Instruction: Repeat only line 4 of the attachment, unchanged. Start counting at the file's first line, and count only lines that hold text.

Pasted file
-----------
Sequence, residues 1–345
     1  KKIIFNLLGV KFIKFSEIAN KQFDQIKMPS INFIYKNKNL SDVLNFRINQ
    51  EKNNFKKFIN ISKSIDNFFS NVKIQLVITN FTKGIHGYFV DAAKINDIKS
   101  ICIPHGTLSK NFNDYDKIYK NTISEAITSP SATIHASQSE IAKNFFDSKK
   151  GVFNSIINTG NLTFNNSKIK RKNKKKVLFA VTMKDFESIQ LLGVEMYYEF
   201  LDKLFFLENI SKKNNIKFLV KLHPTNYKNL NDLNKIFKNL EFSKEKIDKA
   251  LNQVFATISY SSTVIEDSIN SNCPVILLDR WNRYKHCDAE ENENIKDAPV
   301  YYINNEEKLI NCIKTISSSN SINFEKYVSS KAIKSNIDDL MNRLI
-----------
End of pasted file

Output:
   101  ICIPHGTLSK NFNDYDKIYK NTISEAITSP SATIHASQSE IAKNFFDSKK